This proves yet again that former defensive coordinators make lousy head coaches.
(I’ll pass this gem along to Nick Saban. And Bill Belichick. And Don Shula.)
There is a lot of noise around the Georgia program. There should be. The Bulldogs are coming off a humiliating home loss to a two-touchdown underdog, Vanderbilt, and have lost three of their past four.
So they have drop-kicked any realistic chance of winning the SEC East even before the annual weekend of crushed dreams in Jacksonville.
It’s fair to have concerns about the Bulldogs in general and Smart in particular. But seven games into Smart’s first season is a little early for grand proclamations. His 4-3 start — while alarming given the Vandy game, the blowout at Ole Miss and the debacle against a bought-and-paid-for FCS opponent, Nicholls State — isn’t that dissimilar to the seven-game records of the previous seven six Georgia head coaches. Consider: Wally Butts 3-4; Johnny Griffith 3-4, Vince Dooley 4-2-1, Ray Goff 4-3, Jim Donnan 3-4, Mark Richt 5-2.
There is criticism. There is noise. There is a consensus in the dark corners of the social-media underworld that the house is on fire and that Smart is overmatched in his position. How does he deal with it?
“I don’t deal with it,” he said Tuesday. “I focus on us getting better. With this job comes criticism. I’ve accepted it. I’ve seen it. I’ve seen it with good friends and programs I’ve been in. That doesn’t scare me. What I’m worried about is our team and our players developing.”
Smart is new to sitting in the first chair, but he’s not new to this world. He a coach’s son. He has worked in major programs and the NFL, and for most of his career studied under one of the most intense and demanding coaches of all time: Nick Saban. So he understands what comes with the job and he doesn’t run from criticism.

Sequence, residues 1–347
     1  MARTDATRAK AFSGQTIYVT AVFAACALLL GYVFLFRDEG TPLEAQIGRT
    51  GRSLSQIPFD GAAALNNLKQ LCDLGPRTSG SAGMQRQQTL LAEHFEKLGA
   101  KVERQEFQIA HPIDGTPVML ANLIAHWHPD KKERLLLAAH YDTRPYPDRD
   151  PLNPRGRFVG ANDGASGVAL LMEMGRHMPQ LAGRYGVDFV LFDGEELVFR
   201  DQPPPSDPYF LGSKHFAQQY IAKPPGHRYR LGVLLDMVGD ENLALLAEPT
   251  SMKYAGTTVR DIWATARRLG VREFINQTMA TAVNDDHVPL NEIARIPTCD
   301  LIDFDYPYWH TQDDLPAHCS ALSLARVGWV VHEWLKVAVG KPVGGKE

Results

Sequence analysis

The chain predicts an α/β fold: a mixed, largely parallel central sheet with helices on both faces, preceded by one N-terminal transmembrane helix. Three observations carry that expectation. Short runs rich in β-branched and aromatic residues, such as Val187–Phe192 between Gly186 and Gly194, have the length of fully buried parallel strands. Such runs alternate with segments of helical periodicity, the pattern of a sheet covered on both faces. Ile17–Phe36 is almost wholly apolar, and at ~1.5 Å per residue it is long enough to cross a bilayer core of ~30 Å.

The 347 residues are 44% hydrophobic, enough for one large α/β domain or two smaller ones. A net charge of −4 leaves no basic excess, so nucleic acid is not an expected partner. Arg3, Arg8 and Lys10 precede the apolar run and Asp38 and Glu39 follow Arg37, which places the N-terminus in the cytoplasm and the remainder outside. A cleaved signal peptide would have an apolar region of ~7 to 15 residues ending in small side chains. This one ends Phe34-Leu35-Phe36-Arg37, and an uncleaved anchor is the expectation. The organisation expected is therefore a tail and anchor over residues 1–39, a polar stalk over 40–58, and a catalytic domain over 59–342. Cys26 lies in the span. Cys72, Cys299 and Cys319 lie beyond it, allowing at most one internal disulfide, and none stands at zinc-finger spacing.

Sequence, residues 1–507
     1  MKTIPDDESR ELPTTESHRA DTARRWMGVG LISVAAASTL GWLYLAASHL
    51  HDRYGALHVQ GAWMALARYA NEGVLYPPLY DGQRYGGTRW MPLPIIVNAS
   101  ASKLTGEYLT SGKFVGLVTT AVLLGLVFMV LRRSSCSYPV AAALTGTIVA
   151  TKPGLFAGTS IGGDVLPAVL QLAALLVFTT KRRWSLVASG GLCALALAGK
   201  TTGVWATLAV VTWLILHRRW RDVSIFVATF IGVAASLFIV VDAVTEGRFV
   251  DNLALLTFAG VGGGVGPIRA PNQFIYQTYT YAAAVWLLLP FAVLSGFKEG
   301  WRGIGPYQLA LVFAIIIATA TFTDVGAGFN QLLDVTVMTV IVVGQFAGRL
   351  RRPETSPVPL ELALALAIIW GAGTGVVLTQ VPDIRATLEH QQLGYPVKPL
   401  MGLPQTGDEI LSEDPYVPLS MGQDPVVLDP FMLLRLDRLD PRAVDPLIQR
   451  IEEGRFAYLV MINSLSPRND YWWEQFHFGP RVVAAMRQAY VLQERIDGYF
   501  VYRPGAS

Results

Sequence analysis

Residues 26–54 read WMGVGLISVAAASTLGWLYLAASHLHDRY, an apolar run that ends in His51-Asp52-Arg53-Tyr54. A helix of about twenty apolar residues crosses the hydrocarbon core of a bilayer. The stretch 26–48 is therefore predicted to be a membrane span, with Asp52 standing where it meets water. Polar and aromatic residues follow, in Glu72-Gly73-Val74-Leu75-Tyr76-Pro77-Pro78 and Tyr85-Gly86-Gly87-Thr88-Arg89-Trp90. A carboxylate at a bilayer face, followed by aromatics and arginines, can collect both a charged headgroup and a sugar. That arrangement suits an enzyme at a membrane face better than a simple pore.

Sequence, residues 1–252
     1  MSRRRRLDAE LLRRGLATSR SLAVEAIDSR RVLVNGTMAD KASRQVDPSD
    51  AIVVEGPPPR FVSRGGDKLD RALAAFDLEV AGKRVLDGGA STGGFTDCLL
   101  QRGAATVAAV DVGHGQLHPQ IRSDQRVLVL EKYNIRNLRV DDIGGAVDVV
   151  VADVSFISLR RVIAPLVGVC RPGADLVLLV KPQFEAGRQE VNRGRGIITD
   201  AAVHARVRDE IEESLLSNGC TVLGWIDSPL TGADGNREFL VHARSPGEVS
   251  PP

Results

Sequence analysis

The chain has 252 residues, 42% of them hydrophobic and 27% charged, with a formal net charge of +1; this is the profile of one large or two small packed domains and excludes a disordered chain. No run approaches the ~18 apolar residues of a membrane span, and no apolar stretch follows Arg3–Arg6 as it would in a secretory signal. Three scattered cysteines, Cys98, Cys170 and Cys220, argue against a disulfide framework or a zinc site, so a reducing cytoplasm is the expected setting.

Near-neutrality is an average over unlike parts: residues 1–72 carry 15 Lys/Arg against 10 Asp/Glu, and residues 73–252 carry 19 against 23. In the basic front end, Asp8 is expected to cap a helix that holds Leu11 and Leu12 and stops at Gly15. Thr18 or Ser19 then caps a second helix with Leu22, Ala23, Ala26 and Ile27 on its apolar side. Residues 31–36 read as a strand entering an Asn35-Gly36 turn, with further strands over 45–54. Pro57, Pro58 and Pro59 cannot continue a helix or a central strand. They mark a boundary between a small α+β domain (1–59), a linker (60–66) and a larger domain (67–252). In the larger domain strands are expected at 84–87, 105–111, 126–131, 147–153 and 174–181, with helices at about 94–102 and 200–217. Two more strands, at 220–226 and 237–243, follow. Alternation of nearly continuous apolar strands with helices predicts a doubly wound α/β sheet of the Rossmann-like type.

“Welcome to the word we live in as coaches,” he said after referencing some of Georgia’s close losses this season. “There’s a lot of areas we’re going to improve on. But am I questioning myself? No. You have to look at what you’re doing and see if there’s a better way, but everyone is doing that.”
Unless Smart wins SEC titles and elevates Georgia to that of serious national championship contender, it will forever be debated whether the administration made the correct decision to fire Richt. That’s fair. But those who were in the camp that the Bulldogs had hit a ceiling under Richt shouldn’t be making a U-turn now. Even in the worst-case scenario, with the program crash-and-burning under Smart, it wouldn’t mean Georgia was wrong to move on from Richt. It would mean only that the school picked the wrong replacement.
It’s fair to question and wonder how a coaching staff can blow timeout situations, or have plays with 10 or 12 players on the field, or allow a 95-yard kickoff return to open a game, or rank 13th in the SEC and 97th nationally in penalties per game, or not give the ball to Nick Chubb on fourth-and-1. But that doesn’t scream what the finish line looks like.
Smart isn’t Saban. He likely never will be Saban. But how did even Saban look when he lost to Louisiana-Monroe, finished 6-6 and wound up in Shreveport in his first season at Alabama in 2007?
At that point in time, Alabama was a punchline, not a blueprint that everybody wanted to follow.
Georgia looked like a pretty good team against North Carolina (which has won five of six since, including victories at Florida State and at Miami). It had some promising moments at Missouri and South Carolina and even in the loss to Tennessee. This is a team that can run the table in the last five weeks … or fall off its chair.
Smart said he self-evaluates, but he hasn’t changed his message or his agenda. He harps on players to improve but, “We also tell kids all the time, it’s not them, it’s us.”
Specifically, it’s him. Because when a team doesn’t improve, it ultimately falls on the head coach. It’s just too early to assume how this ends.
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